Molybdenum Market Poised for Recovery
Roskill has announced the release of its recent report on molybdenum, with forecasts to 2025. Falling molybdenum prices have been the norm since the first half of 2014, with ferromolybdenum plummeting from $35.39/lb in June 2014 to $4.70/lb in November 2015. Molybdenum is not immune to the weak sentiment surrounding many commodity markets in early 2016, but demand has been further impacted by two further factors combining to reduce molybdenum consumption by 3.5% in 2015: a slowdown in China and weak demand for tubular goods for the oil industry.
From 2005 to 2015, China's contribution to molybdenum demand increased from 8% to 29% as construction and manufacturing output surged in the investment-driven economy. In the oil and gas sector, which accounted for 14% of molybdenum consumption in 2015, the number of active exploration and production drilling rigs fell by 46% globally between August 2014 and December 2015, while in the U.S. and Canada it was down 60%.
New and expanded molybdenum by-product capacity at copper operations in the early 2010s, and their ramp-up, led to oversupply by 2015, despite efforts by a number of primary molybdenum producers in the Americas to cut production. The commissioning of KGHM’s Sierra Gorda mine in Chile and China Railway Resources’ Yichun Luming mine in China contributed an additional 18.7 ktpy Mo to mine production during 2015, reducing the effectiveness of the cut-backs and closures implemented by other producers. By-product molybdenum;s share of output hit 61% in 2015, its highest contribution to total mine supply in the last 20 years.
Reduced output from Freeport McMoRan and other molybdenum producers in response to low prices will further reduce availability of molybdenum concentrates and create increasing supply-side pressure on molybdenum prices in 2016. Smaller Chinese primary molybdenum operations, many of which have been operating at a loss during the second half of 2015, may also be forced to shut down if molybdenum prices remain low, further reducing supply availability. These actions are expected to facilitate a more sustained recovery in prices later in 2016, as copper by-product output adjusts to demand changes.
The Chinese economy is transitioning from heavy industry- and construction-driven growth, to one where growth is supported by domestic demand and consumer spending. The latter is still positive to molybdenum consumption going forward, given molybdenum’s diverse uses and higher per-capita consumption in developed, service-based economies. Demand for molybdenum is forecast to rise by 4.6% from the prior year through 2025. However, rising availability of molybdenum-bearing scrap will dampen demand growth for primary molybdenum to 3.1% from the prior year.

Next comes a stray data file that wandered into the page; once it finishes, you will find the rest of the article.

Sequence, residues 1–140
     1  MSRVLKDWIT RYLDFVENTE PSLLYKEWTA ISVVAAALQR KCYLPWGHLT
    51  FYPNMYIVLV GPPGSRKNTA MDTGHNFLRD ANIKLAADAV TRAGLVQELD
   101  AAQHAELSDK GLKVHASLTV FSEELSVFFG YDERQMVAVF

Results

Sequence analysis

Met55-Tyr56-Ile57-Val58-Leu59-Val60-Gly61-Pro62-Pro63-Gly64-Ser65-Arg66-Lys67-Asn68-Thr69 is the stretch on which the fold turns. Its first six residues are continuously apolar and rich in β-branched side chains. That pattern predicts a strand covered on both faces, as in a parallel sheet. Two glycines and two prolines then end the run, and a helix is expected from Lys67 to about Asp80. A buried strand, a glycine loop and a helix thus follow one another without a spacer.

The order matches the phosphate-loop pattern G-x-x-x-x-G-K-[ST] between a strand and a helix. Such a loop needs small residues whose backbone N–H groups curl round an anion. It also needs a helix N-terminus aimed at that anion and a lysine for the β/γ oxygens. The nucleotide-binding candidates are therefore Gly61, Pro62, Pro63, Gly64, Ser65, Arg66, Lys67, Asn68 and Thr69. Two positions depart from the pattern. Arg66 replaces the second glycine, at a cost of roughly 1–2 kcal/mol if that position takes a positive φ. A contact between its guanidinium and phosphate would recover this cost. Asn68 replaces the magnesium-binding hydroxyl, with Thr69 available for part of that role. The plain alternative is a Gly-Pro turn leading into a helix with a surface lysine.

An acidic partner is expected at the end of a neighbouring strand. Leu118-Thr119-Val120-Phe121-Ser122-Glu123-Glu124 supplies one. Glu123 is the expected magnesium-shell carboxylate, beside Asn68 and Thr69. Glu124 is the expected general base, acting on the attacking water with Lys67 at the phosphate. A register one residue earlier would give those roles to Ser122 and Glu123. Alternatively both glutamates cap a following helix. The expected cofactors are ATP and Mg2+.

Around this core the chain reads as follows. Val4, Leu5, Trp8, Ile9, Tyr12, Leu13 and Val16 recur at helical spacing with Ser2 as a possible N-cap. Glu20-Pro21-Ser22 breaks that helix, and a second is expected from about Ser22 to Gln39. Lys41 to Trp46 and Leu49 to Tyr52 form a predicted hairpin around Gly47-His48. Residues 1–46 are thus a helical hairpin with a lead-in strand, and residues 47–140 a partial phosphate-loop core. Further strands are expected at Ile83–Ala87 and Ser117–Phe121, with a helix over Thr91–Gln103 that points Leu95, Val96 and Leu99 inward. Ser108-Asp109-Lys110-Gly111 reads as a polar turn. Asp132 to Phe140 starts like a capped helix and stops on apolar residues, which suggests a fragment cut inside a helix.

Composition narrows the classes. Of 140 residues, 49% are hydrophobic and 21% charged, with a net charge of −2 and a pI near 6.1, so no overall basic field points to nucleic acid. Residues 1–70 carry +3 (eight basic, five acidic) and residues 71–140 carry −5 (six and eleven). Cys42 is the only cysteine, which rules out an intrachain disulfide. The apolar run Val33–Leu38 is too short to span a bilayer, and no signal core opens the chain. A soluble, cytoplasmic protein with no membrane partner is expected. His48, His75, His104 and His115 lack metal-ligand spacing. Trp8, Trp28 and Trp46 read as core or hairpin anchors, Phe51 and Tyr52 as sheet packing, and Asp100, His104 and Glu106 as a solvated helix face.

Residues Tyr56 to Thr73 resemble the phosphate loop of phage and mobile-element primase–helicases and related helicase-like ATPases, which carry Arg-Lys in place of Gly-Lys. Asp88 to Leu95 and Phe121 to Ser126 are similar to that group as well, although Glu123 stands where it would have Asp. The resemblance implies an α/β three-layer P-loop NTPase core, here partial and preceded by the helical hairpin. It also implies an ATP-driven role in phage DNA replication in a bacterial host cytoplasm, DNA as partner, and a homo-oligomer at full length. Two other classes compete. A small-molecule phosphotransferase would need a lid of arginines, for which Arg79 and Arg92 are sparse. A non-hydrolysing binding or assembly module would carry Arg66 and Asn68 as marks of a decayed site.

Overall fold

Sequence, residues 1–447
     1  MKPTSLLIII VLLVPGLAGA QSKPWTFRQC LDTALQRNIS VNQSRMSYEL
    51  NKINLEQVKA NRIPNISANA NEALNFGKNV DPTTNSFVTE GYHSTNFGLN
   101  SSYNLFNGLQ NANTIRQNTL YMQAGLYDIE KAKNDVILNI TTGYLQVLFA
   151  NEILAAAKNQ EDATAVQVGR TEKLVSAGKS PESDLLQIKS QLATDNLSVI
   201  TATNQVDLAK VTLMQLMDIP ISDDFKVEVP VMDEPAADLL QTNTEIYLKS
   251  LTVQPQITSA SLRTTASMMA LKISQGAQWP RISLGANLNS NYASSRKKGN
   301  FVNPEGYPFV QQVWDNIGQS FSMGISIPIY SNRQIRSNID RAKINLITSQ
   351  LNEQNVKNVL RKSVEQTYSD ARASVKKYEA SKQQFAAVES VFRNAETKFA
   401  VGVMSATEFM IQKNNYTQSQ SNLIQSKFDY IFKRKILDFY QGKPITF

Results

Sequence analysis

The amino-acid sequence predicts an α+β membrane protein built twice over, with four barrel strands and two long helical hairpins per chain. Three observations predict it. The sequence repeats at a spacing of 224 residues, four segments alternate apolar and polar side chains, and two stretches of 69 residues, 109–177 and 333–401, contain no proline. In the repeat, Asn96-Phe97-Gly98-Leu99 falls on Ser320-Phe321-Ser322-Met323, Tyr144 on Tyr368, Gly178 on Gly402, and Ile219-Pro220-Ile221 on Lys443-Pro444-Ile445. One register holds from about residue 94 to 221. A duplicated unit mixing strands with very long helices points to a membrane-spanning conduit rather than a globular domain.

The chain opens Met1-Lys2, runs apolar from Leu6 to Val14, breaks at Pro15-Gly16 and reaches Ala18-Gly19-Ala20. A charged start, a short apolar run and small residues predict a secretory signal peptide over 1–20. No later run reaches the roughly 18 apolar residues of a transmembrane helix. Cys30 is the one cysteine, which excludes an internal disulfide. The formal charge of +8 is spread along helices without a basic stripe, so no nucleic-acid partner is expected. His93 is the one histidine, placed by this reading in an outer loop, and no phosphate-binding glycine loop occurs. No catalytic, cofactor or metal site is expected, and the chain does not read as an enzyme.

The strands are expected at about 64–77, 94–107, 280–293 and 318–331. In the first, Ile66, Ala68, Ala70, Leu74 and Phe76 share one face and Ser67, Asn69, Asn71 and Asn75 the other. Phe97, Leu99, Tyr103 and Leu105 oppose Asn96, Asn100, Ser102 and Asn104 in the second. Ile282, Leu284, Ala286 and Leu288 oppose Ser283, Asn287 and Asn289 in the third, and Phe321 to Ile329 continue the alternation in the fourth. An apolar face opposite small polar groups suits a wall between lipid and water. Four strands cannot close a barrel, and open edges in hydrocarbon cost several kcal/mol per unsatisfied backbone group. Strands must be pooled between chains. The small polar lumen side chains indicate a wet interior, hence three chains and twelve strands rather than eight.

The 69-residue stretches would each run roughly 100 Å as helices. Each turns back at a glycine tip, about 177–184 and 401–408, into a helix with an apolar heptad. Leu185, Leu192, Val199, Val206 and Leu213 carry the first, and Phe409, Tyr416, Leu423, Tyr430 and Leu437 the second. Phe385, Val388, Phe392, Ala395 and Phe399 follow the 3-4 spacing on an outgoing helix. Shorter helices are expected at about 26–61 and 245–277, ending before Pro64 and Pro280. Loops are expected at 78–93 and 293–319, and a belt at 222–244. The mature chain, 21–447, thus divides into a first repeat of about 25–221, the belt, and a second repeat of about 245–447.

Despite the current low price of oil, the oil and gas industry is forecast to remain the largest consumer of molybdenum products going forward. Investment in capacity and subsequent oversupply on weaker demand, following high prices since the mid-2000s, has led to reductions in capital spending in the current climate. As the oil market equilibrates, prices recover and investment returns, molybdenum demand could see a sharp upturn. In the meantime, stronger growth is expected to come from stainless steels and full alloy steels, both of which are consumed in a number of uses for which growth forecasts remain positive, including automotive, process and other transportation industries, as well as consumer products.
Molybdenum prices showed the first signs of stabilizing and of a potential recovery in December 2015, countering the usual seasonal reduction. Molybdenum prices are unlikely to fall significantly in the first half of 2016 as molybdenum demand returns to growth and the availability of supply from primary molybdenum mines falls further. However, prices are unlikely to return to levels seen in early 2014 during 2016, partly as stockpiles built up in 2015 may be released into the market as prices stabilize or show signs of a rise, delaying any consistent price increases. Rising demand for molybdenum-bearing steel and chemicals is instead forecast to support a recovery in molybdenum prices from 2017, to around $13-15/lb ferromolybdenum.
In the medium-term, prices will be capped by the availability of molybdenum from existing and new copper by-product and primary molybdenum operations. Nevertheless, the current period of lower prices has reduced confidence in molybdenum project development, especially for primary molybdenum operations, which could impact supply availability from the early 2020s with prices rising strongly. Any significant change in copper demand affecting by-product supply, or the copper project pipeline, could exacerbate the supply situation for molybdenum more quickly.
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